The 2010 Escape is a 4-door, 5-passenger sport-utility, available in 11 trims, ranging from the XLS FWD Manual to the Limited 4WD V6. The 2009 Ford Escape is revamped with improved power, improved safety and added content to attract buyers into this elegantly aging vehicle.
The 2010 Ford Escape is an attractive and competent compact SUV, now with proficient improved performance. Headlining the list of upgrades to the 2010 Escape models is a new power train lineup.
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The 2009 Ford Escape is a compact crossover SUV that comes in three trim levels: XLS, XLT and Limited. The XLS comes with 16-inch alloy wheels, air-conditioning, key-less entry, cruise control, full power accessories, a CD player and an auxiliary audio jack.
The XLT adds privacy glass, automatic headlights, fog lights, an auto-dimming rearview mirror, keypad entry, a power driver seat and upgraded cloth upholstery. The top-of-the-line Escape Limited has those features plus color-keyed grille and side mirrors, leather seating, ambient cabin lighting and the Sync system.
Options include a sunroof, an upgraded 320-watt audio system with a subwoofer, a navigation system and, for the XLT, a Sun and Sync package that bundles the moonroof with Sync. For the Limited only, you can get a chrome accent package as well as a luxury package, which includes heated front seats, dual-zone automatic climate control and reverse parking sensors.
All trim levels of the Ford Escape can be had with either front-wheel or all-wheel drive. A 171-hp 2.5-liter four-cylinder engine powers all but the Limited, which comes with a 240-hp 3.0-liter V6. The V6 is optional on the XLT. The 2.5 can be fitted with either a five-speed manual transmission (XLS only) or a six-speed automatic. The V6 comes only with the automatic transmission. Properly equipped, the V6 Escape can tow up to 3,500 pounds.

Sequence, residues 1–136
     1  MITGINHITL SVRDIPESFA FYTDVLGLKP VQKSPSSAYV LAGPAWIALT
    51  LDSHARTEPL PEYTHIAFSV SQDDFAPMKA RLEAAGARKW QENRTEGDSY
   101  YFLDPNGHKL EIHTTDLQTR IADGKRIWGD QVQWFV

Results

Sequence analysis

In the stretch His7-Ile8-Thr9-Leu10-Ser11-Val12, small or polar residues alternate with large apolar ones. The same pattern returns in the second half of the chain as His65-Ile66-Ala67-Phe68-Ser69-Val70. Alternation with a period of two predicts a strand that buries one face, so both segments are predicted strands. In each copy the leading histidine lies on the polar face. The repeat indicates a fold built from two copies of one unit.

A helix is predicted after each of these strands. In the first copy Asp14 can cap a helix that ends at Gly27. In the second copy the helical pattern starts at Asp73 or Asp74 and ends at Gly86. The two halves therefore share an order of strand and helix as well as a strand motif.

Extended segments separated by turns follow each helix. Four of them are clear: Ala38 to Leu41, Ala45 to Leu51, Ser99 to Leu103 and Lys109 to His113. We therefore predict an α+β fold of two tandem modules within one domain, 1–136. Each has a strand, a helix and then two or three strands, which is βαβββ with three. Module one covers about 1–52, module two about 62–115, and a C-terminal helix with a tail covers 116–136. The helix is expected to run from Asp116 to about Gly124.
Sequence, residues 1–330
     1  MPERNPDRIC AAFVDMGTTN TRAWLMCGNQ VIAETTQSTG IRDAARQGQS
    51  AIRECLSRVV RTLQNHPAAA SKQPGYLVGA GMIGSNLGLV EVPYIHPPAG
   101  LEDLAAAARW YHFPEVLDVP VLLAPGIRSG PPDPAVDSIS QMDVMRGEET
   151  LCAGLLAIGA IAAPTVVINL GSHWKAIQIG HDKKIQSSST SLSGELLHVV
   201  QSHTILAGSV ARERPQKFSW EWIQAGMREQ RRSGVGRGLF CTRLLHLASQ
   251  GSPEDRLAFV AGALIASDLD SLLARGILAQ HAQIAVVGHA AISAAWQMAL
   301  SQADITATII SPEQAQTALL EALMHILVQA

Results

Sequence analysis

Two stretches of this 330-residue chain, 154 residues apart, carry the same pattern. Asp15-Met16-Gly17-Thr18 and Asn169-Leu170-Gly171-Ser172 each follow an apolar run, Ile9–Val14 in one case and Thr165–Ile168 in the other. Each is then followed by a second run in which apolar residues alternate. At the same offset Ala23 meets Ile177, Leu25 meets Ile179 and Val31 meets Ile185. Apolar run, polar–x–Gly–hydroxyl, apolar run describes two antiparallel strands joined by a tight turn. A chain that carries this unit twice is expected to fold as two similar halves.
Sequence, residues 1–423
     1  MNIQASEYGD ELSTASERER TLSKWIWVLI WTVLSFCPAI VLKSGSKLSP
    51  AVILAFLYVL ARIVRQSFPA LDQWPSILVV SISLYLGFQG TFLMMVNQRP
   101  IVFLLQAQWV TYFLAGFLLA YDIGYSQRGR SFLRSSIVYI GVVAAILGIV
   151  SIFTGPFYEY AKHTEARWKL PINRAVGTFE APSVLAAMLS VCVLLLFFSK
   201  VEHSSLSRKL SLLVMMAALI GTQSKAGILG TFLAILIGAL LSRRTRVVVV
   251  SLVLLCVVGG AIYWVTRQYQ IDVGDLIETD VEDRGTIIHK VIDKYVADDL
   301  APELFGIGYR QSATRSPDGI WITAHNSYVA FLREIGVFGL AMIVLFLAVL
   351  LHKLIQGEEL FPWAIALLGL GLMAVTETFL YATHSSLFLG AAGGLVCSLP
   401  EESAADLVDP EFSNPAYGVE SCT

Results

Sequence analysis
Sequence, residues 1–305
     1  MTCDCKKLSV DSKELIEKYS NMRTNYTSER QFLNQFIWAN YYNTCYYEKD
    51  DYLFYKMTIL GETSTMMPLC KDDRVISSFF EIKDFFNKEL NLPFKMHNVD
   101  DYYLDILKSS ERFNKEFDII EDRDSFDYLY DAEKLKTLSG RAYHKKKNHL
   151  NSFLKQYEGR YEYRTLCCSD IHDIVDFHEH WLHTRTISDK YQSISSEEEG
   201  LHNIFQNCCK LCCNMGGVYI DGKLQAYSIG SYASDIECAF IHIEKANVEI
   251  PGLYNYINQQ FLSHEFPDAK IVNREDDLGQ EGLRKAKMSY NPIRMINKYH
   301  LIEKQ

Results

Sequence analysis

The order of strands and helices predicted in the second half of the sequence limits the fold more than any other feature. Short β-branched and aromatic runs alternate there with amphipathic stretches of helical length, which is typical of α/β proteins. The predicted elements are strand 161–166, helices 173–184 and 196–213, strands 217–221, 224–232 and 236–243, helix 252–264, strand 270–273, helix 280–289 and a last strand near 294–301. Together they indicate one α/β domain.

Fuel economy with the four-cylinder, six-speed auto and front-wheel drive is 20 mpg city/28 mpg highway and 23 mpg combined. All-wheel drive drops that to 19/25/21. The front-wheel-drive six-cylinder Escape returns an estimated 18/26/21, while all-wheel drive gets 17/24/20.
Antilock brakes, traction control, stability control, front-seat side airbags and full-length head curtain airbags with a rollover sensor are all standard on the 2009 Ford Escape. A reverse-sensing parking system is optional on the Limited.
In government frontal-impact crash tests, the Escape earned a perfect five stars in front and side crash tests. In Insurance Institute for Highway Safety testing, the Escape scored the highest rating of “Good” in the frontal-offset and side tests.
The front seats are well-built and comfortable, and material quality, fit and finish are good for this section. There’s plenty of storage space, including a center console box big enough to swallow a laptop; it also features reconfigurable bins. If you are a user of portable MP3 players or cell phones, the Ford Sync system is a great feature. It allows voice control for your phone, the navigation system and the audio system, and in our experience, it works very well.
The Escape’s rear seat is roomy. Cargo space stands at 29 cubic feet behind the second row and 66 cubes with the second row folded down.